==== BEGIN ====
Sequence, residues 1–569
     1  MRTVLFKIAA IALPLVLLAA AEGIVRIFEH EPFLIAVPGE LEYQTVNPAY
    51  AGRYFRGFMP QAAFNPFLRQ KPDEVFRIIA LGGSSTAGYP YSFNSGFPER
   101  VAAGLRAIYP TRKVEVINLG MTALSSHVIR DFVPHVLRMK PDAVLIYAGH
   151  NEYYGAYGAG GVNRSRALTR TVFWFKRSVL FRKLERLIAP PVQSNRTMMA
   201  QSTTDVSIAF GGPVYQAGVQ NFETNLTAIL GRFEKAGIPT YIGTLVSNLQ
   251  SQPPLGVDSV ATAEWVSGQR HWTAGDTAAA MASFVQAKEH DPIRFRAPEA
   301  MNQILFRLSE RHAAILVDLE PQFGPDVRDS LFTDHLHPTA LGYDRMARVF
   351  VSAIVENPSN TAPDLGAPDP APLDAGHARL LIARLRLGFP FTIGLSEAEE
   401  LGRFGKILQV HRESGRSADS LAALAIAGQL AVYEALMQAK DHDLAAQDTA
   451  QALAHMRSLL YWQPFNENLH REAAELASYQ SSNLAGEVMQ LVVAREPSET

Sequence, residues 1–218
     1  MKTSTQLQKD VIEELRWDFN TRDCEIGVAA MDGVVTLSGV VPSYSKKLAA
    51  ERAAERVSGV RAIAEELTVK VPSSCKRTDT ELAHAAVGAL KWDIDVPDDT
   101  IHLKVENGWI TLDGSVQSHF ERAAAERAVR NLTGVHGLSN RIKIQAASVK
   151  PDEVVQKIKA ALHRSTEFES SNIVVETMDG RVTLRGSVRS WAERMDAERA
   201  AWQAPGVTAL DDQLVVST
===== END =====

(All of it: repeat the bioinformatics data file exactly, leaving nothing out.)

Sequence, residues 1–569
     1  MRTVLFKIAA IALPLVLLAA AEGIVRIFEH EPFLIAVPGE LEYQTVNPAY
    51  AGRYFRGFMP QAAFNPFLRQ KPDEVFRIIA LGGSSTAGYP YSFNSGFPER
   101  VAAGLRAIYP TRKVEVINLG MTALSSHVIR DFVPHVLRMK PDAVLIYAGH
   151  NEYYGAYGAG GVNRSRALTR TVFWFKRSVL FRKLERLIAP PVQSNRTMMA
   201  QSTTDVSIAF GGPVYQAGVQ NFETNLTAIL GRFEKAGIPT YIGTLVSNLQ
   251  SQPPLGVDSV ATAEWVSGQR HWTAGDTAAA MASFVQAKEH DPIRFRAPEA
   301  MNQILFRLSE RHAAILVDLE PQFGPDVRDS LFTDHLHPTA LGYDRMARVF
   351  VSAIVENPSN TAPDLGAPDP APLDAGHARL LIARLRLGFP FTIGLSEAEE
   401  LGRFGKILQV HRESGRSADS LAALAIAGQL AVYEALMQAK DHDLAAQDTA
   451  QALAHMRSLL YWQPFNENLH REAAELASYQ SSNLAGEVMQ LVVAREPSET

Sequence, residues 1–218
     1  MKTSTQLQKD VIEELRWDFN TRDCEIGVAA MDGVVTLSGV VPSYSKKLAA
    51  ERAAERVSGV RAIAEELTVK VPSSCKRTDT ELAHAAVGAL KWDIDVPDDT
   101  IHLKVENGWI TLDGSVQSHF ERAAAERAVR NLTGVHGLSN RIKIQAASVK
   151  PDEVVQKIKA ALHRSTEFES SNIVVETMDG RVTLRGSVRS WAERMDAERA
   201  AWQAPGVTAL DDQLVVST